Pallone to Interior Secretary: Stop Seismic Airgun Testing in the Atlantic
Washington, DC – At a House Natural Resources Committee hearing today, Congressman Frank Pallone, Jr. (NJ-06), expressed his strong opposition to offshore oil and gas drilling in the Atlantic Ocean to Secretary of the Interior, Sally Jewell. Pallone, a senior member of the committee, urged the Department of the Interior (DOI) to consider abandoning any plans to drill in the Atlantic.
The DOI is currently deciding whether seismic airgun testing should be allowed to search for offshore oil and gas in the Atlantic Ocean. As the first major step toward offshore oil and gas drilling in the Atlantic, the proposed area for seismic airgun testing spans seven states from Delawareto Florida. Seismic airguns are towed behind ships and shoot loud blasts of compressed air through the water miles into the seabed to search for oil and gas deposits. These airguns make intense pulses of sound, almost as loud as explosives, every ten seconds, 24 hours a day, for days to weeks on end.
Pallone challenged Secretary Jewell on the environmental review that the Department is carrying out to determine if such testing will hurt marine mammals and interfere with fishing.
“The Department’s draft Environmental Impact Statement (EIS) estimates that 138,500 marine mammals will be injured or killed by this testing over the course of eight years and over 13 million more disturbed,” said Pallone. “Yet, the National Oceanic and Atmospheric Administration (NOAA) is currently working on developing new acoustic guidelines for assessing the effects of sound on marine mammals that are likely to increase the current estimates for disturbances to vital behaviors of marine mammals. It would seem that these new guidelines would be very relevant to the final EIS your department is compiling. Since any Final EIS that does not include these new acoustic guidelines would be severely flawed, will you commit to waiting until these new guidelines are published and finalized before issuing a Final EIS on this matter?”
The Secretary said that she would consider Pallone’s request to postpone the Final EIS, review the matter, and get back to the Congressman.
Pallone also asked why the negative impacts of seismic testing had only been investigated for marine mammals. He suggested that fish would also be impacted.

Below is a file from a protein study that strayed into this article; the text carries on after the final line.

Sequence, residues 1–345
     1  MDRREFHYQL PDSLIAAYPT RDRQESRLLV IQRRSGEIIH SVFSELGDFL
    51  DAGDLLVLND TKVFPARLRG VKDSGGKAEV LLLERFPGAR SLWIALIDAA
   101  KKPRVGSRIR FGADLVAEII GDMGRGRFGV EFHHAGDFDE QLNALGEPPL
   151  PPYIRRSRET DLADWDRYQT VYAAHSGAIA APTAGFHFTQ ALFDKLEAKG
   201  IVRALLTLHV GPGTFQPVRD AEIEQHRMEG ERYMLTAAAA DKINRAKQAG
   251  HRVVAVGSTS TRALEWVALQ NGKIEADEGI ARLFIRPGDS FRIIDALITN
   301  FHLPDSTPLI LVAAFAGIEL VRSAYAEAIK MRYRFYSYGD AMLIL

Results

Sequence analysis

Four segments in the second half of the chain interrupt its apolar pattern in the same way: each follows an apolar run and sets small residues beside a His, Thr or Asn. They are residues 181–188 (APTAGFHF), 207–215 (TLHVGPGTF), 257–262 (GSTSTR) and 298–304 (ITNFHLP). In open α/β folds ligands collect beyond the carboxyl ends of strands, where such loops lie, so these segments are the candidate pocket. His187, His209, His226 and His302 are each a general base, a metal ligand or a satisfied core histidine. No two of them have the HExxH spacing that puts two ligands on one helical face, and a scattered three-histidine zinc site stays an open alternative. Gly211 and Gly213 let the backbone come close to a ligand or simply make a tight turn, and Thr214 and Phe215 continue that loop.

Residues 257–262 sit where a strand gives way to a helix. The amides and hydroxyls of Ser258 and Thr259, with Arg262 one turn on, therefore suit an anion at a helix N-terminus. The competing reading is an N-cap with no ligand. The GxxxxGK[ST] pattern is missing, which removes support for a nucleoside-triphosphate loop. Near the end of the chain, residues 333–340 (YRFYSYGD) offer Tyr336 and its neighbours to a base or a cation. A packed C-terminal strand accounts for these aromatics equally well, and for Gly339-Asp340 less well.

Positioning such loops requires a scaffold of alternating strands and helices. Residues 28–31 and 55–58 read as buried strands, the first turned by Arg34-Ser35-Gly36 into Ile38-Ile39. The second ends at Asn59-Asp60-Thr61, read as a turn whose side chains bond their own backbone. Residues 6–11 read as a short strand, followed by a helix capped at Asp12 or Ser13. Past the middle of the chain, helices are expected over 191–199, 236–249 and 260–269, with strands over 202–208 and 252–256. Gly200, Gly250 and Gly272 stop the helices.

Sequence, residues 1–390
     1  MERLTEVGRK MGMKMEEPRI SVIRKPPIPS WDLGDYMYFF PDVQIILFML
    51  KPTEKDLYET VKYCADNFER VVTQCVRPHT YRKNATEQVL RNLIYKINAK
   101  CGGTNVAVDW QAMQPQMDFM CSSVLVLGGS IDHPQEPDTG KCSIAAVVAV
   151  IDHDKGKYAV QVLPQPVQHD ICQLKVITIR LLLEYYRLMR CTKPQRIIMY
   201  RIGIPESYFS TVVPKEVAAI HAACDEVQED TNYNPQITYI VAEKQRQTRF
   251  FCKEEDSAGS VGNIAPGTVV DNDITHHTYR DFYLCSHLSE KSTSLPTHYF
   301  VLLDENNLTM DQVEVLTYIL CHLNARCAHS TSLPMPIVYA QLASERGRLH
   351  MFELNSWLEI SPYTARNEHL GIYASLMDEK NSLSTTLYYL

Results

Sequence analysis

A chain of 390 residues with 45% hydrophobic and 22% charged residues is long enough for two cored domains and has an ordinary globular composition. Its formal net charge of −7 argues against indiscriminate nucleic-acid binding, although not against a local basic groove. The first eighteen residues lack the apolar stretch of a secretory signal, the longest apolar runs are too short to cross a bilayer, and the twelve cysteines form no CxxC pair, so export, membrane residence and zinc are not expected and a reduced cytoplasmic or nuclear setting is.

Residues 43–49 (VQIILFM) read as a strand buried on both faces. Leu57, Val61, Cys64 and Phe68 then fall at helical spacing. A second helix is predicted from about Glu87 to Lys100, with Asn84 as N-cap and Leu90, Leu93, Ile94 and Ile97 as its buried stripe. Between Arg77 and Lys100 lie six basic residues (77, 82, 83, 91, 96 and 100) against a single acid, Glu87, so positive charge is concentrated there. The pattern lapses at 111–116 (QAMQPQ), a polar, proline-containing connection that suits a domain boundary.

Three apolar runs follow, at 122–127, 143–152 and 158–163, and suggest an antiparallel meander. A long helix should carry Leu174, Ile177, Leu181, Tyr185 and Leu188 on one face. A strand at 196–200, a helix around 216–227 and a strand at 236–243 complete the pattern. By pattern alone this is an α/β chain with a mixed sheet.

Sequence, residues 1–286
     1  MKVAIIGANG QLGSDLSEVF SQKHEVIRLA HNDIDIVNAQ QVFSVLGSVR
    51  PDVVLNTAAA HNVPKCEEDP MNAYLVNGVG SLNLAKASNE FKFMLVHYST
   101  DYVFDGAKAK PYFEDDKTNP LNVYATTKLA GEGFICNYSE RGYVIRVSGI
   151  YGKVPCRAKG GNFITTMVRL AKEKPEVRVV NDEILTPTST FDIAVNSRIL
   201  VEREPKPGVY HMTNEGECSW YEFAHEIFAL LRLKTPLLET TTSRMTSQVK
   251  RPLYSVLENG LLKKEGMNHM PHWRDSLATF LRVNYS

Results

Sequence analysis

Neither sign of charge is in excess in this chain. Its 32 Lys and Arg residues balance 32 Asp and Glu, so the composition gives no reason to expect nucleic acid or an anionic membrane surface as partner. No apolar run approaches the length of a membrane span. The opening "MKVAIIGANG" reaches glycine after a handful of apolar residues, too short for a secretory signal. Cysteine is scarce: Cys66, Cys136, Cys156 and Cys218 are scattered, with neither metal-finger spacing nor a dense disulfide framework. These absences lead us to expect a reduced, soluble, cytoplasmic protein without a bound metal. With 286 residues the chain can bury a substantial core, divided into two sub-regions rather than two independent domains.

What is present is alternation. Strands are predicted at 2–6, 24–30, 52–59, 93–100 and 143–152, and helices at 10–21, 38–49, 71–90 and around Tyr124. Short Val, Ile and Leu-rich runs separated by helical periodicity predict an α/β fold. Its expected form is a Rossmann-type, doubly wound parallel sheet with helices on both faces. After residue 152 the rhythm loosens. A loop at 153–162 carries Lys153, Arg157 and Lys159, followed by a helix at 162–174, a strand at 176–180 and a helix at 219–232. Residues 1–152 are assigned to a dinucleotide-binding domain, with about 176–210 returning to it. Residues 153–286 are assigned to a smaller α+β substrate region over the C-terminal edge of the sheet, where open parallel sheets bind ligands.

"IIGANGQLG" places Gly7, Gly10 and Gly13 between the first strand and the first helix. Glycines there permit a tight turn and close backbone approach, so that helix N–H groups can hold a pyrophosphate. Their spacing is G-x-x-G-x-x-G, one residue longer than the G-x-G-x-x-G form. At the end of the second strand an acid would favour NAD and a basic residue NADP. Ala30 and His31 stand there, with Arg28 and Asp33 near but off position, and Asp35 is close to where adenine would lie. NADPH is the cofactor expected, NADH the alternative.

“Commercial and recreational fishing off the mid- and southeast Atlantic generates $11.8 billion annually and supports 222,000 jobs,” said Pallone. “Meanwhile, airgun noise has been demonstrated to depress catch rates of several commercial fish species by some 40-80 percent. For this reason and others, the Mid-Atlantic Fisheries Management Council has formally objected to DOI’s plan to open up the Atlantic to seismic exploration. And yet you haven’t done anything in the Draft EIS to reduce harm from seismic exploration to fish and fisheries. What am I supposed to tell the fishing community in my state?”
The Secretary responded that she was not certain as to why the impact of fisheries was not taken into consideration but would consider the issue and respond with more details.
“Finally, I want to let you know that Sandy Hook, a national park at the Jersey Shore that is near and dear to my heart, is an important economic driver for New Jersey and needs attention from your Department. The park was hit hard by Superstorm Sandy, and I must commend the hard working National Park employees that got the park up and running before Memorial Day weekend,” said Pallone. “Yet, there are still many aspects of the park that need attention, such as Fort Hancock, a National Historic Landmark, which has been allowed to slowly degrade into a shameful sight. I would simply ask if you would ensure that the Department gives this truly wonderful park the attention it deserves and come tour the park with me sometime soon.”
The Secretary responded that she had been to the region, although not to Sandy Hook, and would work with Pallone on ensuring that full recovery from Sandy is achieved and that historical resources, such as Fort Hancock, are preserved.